Modesto Junior College is one of the 20 community colleges selected to participate in the California Guided Pathways Project, a venture designed to substantially increase the number of students who earn a certificate or degree at a California Community College (CCC) by leveraging the significant investments California has made in student success. The colleges, selected through a competitive application process, will design and implement structured academic and career pathways for all incoming students by 2019.
“I am confident that this project and the twenty participating colleges can positively impact the future of California,” said CCC Chancellor Eloy Ortiz Oakley, who serves on the project’s advisory committee. “I look forward to leading a series of systemwide efforts to implement the Guided Pathway model throughout the California Community Colleges.”
Guided Pathways provides a framework for colleges to help students who face barriers to completing a college education. By creating structured educational experiences, pathways support each student from the point of entry to the attainment of high-quality postsecondary credentials and employment in a chosen field. Additional information is provided in this Guided Pathways video from California Community Colleges.
The project, launched in December of 2016, is funded by College Futures Foundation, the Bill & Melinda Gates Foundation, The James Irvine Foundation, the Teagle Foundation, and participating colleges. The California Guided Pathways project was inspired by the American Association of Community Colleges (AACC) Pathways Project to support increased certificate and degree completion within the CCC.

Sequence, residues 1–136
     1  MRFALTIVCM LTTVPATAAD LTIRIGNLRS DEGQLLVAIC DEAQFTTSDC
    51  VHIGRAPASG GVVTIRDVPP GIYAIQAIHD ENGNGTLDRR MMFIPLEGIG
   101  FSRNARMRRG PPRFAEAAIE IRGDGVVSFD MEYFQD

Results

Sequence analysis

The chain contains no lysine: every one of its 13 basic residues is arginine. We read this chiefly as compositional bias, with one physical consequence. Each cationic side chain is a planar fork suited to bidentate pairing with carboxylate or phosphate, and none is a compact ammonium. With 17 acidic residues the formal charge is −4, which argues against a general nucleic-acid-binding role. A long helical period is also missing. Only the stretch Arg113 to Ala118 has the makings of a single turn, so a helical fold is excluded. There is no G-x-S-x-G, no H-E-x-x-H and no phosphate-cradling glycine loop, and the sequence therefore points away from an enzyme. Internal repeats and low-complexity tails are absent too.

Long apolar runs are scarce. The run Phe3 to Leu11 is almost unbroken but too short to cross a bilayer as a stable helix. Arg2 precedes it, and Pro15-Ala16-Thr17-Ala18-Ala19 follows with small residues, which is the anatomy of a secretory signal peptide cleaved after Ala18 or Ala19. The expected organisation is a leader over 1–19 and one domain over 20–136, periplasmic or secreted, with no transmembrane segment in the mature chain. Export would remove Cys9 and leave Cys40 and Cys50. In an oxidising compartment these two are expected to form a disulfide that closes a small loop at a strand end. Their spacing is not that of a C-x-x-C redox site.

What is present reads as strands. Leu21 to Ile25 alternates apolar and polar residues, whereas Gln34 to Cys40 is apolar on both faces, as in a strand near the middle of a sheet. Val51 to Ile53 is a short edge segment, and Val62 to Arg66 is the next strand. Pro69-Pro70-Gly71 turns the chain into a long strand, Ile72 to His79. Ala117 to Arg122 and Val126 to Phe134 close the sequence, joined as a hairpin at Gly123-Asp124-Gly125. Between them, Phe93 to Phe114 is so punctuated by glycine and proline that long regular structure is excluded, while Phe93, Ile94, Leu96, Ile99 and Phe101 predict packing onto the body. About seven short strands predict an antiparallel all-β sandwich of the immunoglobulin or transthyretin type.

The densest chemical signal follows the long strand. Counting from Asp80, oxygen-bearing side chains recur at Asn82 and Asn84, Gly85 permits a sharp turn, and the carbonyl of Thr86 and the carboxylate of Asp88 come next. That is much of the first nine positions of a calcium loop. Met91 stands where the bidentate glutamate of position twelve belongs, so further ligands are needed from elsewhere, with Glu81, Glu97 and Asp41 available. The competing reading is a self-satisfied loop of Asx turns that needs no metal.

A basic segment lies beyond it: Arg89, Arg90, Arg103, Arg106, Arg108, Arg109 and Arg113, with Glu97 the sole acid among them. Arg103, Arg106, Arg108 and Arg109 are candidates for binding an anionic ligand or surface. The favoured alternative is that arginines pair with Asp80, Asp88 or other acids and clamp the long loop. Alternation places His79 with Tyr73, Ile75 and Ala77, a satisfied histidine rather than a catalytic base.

The colleges selected to participate in the Pathways Project are:
American River College
College of the Canyons
Cosumnes River College
Los Angeles Trade Tech College
Long Beach City College
Modesto Junior College
Rio Hondo College
Riverside Community College
San Joaquin Delta College
Santa Ana College
Santa Barbara College
Yuba Community College
Over the next three years, selected colleges send teams to institutes where they receive guidance and structured time to create clear pathways to high-quality credentials and develop the change management strategies needed to accomplish this goal. College teams are made up of five people including the president and a faculty leader. Each college also receives support from a team of pathways coaches and information on complementary reform efforts in California that help support specific facets of their work.
“We look forward to supporting the 20 colleges participating in the project,” said Dr. Rob Johnstone, project director. “We hope that by developing an expanded network of practitioners developing guided pathways, we can support other colleges and partners interested in adopting the student-centered approach to education planning.”
Institute materials will also be available to all California Community Colleges interested in implementing a Guided Pathways approach.
The Guided Pathways model helps colleges clarify paths to student end goals, helps
students select a program and stay on the path, and ensures quality learning. Pathways
include specific course sequences, progress milestones, and defined learning outcomes.
For more information, please visit www.CAGuidedPathways.org.